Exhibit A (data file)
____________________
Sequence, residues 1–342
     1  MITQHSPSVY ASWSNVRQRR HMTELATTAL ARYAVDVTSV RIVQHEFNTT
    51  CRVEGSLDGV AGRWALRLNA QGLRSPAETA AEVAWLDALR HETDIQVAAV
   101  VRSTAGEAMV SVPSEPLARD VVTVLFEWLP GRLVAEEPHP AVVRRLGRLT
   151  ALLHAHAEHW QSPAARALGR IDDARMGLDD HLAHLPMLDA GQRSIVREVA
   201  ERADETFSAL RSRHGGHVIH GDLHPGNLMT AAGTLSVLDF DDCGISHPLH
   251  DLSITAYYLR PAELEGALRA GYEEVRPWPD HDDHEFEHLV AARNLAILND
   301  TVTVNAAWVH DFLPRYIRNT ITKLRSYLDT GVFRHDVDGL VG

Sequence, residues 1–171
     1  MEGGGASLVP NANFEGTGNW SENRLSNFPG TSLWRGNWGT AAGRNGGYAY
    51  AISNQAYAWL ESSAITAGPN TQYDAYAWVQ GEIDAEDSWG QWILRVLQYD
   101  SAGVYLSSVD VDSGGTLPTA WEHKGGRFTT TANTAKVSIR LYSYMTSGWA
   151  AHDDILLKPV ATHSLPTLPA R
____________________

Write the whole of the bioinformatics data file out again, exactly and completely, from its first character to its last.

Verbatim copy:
Sequence, residues 1–342
     1  MITQHSPSVY ASWSNVRQRR HMTELATTAL ARYAVDVTSV RIVQHEFNTT
    51  CRVEGSLDGV AGRWALRLNA QGLRSPAETA AEVAWLDALR HETDIQVAAV
   101  VRSTAGEAMV SVPSEPLARD VVTVLFEWLP GRLVAEEPHP AVVRRLGRLT
   151  ALLHAHAEHW QSPAARALGR IDDARMGLDD HLAHLPMLDA GQRSIVREVA
   201  ERADETFSAL RSRHGGHVIH GDLHPGNLMT AAGTLSVLDF DDCGISHPLH
   251  DLSITAYYLR PAELEGALRA GYEEVRPWPD HDDHEFEHLV AARNLAILND
   301  TVTVNAAWVH DFLPRYIRNT ITKLRSYLDT GVFRHDVDGL VG

Sequence, residues 1–171
     1  MEGGGASLVP NANFEGTGNW SENRLSNFPG TSLWRGNWGT AAGRNGGYAY
    51  AISNQAYAWL ESSAITAGPN TQYDAYAWVQ GEIDAEDSWG QWILRVLQYD
   101  SAGVYLSSVD VDSGGTLPTA WEHKGGRFTT TANTAKVSIR LYSYMTSGWA
   151  AHDDILLKPV ATHSLPTLPA R